With distribution through Warner Home Video, in 2003 MK2 began releasing The Chaplin Collection, two boxed sets containing definitive, authorized editions of Chaplin's feature-length films. Each film receives an exhaustive, features-rich DVD presentation. All have been digitally restored and remastered from Chaplin estate vault elements. Volume 1 of The Chaplin Collection includes The Gold Rush, Modern Times, The Great Dictator, and Limelight. Volume 2 brings us Monsieur Verdoux, The Circus, The Kid, City Lights, A King in New York / A Woman of Paris, and The Chaplin Revue. Plus, exclusive to the Volume 2 boxed set is Richard Schickel's acclaimed documentary tribute, Charlie: The Life and Art of Charles Chaplin, a highlight of 2003's Cannes Film Festival.
These discs feature, among their many extras, never-before-seen footage, behind-the-scenes glimpses, exclusive family home movie footage, and specially made documentaries in which Chaplin biographer David Robinson as well as world-famous film-makers discuss the films and their personal, professional, or cultural impact.
Starting in the 1940s, Chaplin went back to several of his earlier films and tinkered with them, snipping bits here, changing footage there, and adding his own musical scores for reissue prints. Under the authority of the Chaplin estate, MK2's The Chaplin Collection delivers the films in their final state, "as Chaplin intended."
How's the picture and sound quality?
Looking brand new, Monsieur Verdoux arrives with a black-and-white print that's clean and striking. The graytones are as strong and balanced as we could ever wish. If any flecks or nicks remain in any frames, this reviewer didn't see a one. It looks superb. The aspect ratio is the original 1.33:1. The film's duration is 1:58:39.
The English language track comes in two Dolby Digital remastered options the original monaural (DD 2.0) and a new 5.1 remix. Each offers audio that's strong and clear and free of hiss or wear, although sometimes it's a bit thin and bright even for a film of this vintage. The 5.1 option keeps itself mostly in the front, with the satellite speakers widening the sound without directional tricks. There's also a French language track in DD 2.0 monaural.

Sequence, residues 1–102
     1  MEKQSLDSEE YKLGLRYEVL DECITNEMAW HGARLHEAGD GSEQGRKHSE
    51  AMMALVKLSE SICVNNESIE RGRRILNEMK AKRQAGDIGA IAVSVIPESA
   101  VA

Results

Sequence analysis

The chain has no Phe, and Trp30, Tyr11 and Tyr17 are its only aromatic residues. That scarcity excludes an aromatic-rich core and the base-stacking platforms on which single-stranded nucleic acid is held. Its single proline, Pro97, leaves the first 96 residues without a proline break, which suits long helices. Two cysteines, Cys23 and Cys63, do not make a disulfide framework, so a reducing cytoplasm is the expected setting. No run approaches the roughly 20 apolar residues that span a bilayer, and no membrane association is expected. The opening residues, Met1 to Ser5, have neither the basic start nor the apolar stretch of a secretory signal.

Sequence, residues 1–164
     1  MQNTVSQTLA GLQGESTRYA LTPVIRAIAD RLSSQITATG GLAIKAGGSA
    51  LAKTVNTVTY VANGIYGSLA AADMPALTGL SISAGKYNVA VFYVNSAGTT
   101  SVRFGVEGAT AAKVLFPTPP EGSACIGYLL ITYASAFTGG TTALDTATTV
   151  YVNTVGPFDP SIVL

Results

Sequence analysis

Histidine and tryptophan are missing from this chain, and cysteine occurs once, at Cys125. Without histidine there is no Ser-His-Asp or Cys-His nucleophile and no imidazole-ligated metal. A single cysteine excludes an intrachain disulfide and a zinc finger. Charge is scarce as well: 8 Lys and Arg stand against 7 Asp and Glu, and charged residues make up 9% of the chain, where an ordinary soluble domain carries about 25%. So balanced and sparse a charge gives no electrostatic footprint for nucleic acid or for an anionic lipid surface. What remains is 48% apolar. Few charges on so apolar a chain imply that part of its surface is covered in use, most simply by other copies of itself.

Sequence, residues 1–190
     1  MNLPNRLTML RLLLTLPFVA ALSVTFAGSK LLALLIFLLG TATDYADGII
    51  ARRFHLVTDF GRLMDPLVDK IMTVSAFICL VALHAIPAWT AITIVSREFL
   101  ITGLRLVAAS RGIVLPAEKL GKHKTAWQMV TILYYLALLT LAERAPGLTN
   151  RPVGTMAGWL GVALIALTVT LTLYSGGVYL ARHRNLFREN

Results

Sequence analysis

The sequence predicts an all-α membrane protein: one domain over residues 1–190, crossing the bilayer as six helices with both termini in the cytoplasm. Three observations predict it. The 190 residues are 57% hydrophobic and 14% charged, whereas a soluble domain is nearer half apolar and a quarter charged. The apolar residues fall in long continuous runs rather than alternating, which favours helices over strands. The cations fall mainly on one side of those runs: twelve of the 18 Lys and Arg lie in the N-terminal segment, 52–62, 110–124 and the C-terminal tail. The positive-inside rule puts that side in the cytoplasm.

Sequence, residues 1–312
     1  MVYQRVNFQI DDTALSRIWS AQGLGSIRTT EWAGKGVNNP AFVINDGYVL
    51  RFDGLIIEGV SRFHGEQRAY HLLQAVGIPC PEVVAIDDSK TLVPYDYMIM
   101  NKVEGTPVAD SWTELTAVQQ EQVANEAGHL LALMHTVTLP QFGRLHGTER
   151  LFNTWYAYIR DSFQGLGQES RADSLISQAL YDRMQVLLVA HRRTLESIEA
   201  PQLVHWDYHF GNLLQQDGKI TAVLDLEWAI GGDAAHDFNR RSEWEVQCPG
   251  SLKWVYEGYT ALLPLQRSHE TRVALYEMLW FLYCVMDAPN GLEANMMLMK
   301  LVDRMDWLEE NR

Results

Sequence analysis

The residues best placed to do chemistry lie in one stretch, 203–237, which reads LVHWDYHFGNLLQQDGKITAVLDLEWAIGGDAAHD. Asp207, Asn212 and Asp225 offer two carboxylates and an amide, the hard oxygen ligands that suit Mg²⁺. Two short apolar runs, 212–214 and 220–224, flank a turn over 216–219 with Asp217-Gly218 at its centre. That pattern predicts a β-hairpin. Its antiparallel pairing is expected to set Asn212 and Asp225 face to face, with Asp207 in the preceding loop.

Subtitles are in English, Spanish, Portuguese, French, Chinese, Korean, Thai.
Introduction (5:14) Biographer David Robinson (Chaplin: His Life and Art) surveys the film's conception with Orson Welles. Chaplin's emotional investment in Verdoux remained strong over the years, as Robinson notes that in his 1964 autobiography he described Monsieur Verdoux as "the cleverest and most brilliant film of my career."
Chaplin Today - Monsieur Verdoux (26:56) This documentary by Bernard Eisenschitz explores the political fallout surrounding the film's history. Chaplin's victimization by the House of Un-American Activities Committee gets a spotlight. Also, French director Claude Chabrol, whose 1962 film Landru revisited the inspirational source material, extols Chaplin's virtues as seen within Monsieur Verdoux.
Trailers (4:49) The original American and German trailers.
Photo Gallery (5:07) A silent video slide-show offering almost eighty behind-the-scenes production stills, PR photos, and candid shots of Chaplin and the actors.
Plan drawings for the sets and preparatory sketches (8:17) A silent video slide-show of blueprints with dozens of comparisons between the stage designs and the sets used in the film.
Film Posters A click-through collection of 13 posters for Monsieur Verdoux from various countries.
The Chaplin Collection (10:42) This video montage presents scenes from all eleven films in both volumes of The Chaplin Collection. It's a nice touch that they're arranged in chronological order of their original theatrical runs.Mark Bourne